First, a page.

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Will Agriculture be snubbed at COP21?

The question some scientists and researchers are asking is “Will COP21 omit Soils and Oceans from their Agenda?” The latest draft agreement for the COP21 Climate Change conference that begins in Paris  on November 30,    does not once mention the term “agriculture.” Although the 54 page draft agreement does mention food security, by failing to use the word “agriculture” down plays the crucial relationship between food and climate. Agriculture, they feel, is being marginalized and taken out of the climate change equation.

For decades, burgeoning agribusiness practices have allowed increasing amounts of carbon, which is stored in the soil, to release into the atmosphere, making agriculture one of the largest contributors of greenhouse gas emissions. Soil normally contains 2.6 times more carbon than the atmosphere,  but it is unable to be stored at its normal rate because of the widespread use of synthetic fertilizers, the agro-industrial depletion of once-fertile soils, deforestation, and the loss of carbon-rich wetlands.

According to Jean-François Soussana,  Scientific Director for Environment of the French National Institute for Agronomical Research (INRA), on average, cultivated soils around the world have lost 50 to 70% of their carbon stock. Soussana’s New Program for Carbon Sequestration in Agriculture, called “4 per 1000,” shows that agriculture can and must be part of the solution to climate change.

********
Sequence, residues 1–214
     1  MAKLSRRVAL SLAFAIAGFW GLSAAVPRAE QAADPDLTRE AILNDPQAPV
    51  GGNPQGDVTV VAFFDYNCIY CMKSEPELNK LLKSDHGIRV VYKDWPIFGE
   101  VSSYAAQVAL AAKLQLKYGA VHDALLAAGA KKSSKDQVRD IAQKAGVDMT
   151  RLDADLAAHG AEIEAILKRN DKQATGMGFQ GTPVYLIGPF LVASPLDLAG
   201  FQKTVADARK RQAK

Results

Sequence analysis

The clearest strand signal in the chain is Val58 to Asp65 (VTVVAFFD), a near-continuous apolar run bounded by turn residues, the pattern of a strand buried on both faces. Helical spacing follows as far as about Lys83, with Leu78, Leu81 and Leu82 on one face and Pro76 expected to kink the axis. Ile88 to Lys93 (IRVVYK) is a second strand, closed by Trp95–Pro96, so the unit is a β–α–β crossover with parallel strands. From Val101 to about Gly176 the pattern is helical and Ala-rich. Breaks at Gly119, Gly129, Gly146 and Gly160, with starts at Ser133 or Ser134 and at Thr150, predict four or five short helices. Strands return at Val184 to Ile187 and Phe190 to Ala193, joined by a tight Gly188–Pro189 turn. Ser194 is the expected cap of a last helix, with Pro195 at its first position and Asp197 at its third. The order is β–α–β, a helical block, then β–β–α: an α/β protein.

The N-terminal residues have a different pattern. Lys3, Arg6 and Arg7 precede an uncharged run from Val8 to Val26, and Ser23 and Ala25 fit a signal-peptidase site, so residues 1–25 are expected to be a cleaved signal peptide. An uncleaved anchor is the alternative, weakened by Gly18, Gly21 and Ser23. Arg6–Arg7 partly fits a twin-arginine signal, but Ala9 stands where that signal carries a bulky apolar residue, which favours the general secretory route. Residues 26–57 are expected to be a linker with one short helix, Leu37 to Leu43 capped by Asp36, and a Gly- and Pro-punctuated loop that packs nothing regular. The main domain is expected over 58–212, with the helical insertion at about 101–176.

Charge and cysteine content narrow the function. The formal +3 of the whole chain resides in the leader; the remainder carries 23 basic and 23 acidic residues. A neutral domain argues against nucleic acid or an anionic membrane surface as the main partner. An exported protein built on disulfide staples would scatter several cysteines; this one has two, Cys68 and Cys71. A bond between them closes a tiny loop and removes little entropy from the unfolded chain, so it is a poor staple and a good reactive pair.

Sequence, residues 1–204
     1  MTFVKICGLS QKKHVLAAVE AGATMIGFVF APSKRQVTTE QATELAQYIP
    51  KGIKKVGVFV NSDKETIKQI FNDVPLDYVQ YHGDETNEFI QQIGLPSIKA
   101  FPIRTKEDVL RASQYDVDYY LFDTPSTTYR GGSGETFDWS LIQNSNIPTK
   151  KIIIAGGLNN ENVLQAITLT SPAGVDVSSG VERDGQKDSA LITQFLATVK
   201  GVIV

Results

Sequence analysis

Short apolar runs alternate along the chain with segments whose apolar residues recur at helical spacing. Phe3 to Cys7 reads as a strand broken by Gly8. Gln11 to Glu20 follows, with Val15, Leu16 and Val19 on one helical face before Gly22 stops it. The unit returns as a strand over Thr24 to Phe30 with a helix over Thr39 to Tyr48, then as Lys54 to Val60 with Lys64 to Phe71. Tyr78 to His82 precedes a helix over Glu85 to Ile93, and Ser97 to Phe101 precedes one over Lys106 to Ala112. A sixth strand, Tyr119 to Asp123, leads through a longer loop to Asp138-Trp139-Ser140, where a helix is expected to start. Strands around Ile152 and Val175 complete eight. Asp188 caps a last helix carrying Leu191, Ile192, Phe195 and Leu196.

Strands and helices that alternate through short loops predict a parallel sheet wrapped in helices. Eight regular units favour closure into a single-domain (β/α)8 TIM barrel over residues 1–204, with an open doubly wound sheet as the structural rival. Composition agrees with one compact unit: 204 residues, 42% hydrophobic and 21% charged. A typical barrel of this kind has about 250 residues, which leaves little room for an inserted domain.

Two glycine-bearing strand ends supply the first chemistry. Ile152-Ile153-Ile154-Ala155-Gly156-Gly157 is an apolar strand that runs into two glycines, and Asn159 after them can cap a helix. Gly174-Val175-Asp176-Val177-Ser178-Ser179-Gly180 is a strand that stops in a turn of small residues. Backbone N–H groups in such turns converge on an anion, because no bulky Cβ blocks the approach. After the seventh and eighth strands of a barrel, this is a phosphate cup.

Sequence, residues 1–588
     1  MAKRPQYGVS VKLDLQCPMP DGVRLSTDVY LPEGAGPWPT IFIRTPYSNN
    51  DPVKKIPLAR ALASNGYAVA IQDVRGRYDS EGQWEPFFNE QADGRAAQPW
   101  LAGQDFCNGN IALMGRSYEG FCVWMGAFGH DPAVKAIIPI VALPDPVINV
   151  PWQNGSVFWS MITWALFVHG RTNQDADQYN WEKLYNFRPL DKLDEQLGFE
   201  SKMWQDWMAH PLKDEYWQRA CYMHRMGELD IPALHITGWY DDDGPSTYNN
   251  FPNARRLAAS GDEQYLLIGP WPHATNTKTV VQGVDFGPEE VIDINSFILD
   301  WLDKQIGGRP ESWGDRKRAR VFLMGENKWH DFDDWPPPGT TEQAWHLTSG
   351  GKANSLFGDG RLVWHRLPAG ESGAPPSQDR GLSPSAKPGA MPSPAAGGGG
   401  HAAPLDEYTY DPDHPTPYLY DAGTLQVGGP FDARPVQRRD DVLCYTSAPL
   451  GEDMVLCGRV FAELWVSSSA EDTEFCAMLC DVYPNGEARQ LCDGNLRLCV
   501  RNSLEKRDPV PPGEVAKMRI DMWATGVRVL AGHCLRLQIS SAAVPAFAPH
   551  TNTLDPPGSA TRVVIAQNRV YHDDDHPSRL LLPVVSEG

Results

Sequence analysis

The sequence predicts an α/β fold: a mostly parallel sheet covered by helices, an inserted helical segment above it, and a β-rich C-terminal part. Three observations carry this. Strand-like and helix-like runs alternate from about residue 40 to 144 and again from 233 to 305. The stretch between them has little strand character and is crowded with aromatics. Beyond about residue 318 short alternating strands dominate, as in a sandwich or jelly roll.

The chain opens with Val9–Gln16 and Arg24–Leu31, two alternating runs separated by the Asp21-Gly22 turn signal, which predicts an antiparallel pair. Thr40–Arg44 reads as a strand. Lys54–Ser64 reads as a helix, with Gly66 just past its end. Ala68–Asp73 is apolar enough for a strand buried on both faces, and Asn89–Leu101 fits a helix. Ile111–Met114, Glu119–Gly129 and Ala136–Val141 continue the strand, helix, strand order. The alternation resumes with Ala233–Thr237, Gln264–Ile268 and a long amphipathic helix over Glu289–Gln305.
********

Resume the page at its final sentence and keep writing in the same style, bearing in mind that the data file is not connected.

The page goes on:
The French Agriculture Department has said that soil degradation poses a threat to more than 40% of the Earth’s land surfaces and climate change is accelerating this rate of soil degradation and threatening food security.

Vandana Shiva,  has written that Agri-Corporations are attempting to hijack COP21 because the focus is on the sectors of energy, heavy industry and transport and that the key role of agriculture is not being recognized.

John Roula, in his post “The Solution Under Our Feet: How Regenerative Organic Agriculture Can Save the Planet” has defined Carbon Farming as “an agricultural system implementing practices that improve the rate at which CO2 is removed from the atmosphere and converted to plant material and/or organic matter in the soil.” Roula believes that Regenerative Organic Farming could successfully sequester carbon into the soil and expand the soil’s water-holding capacity. This would build up the organic matter in the soil’s humus layer, which is essential for growing nutritious foods that can fulfill the needs of humanity.

The international Slow Food movement has appealed to organizations attending COP21 in Paris to put agriculture on the agenda. Their appeal,Let’s Not Eat Up Our Planet! Fight Climate Change”  urges global leaders to understand that mitigating the current system of food production, processing, distribution, consumption and waste can have a positive impact on climate change.

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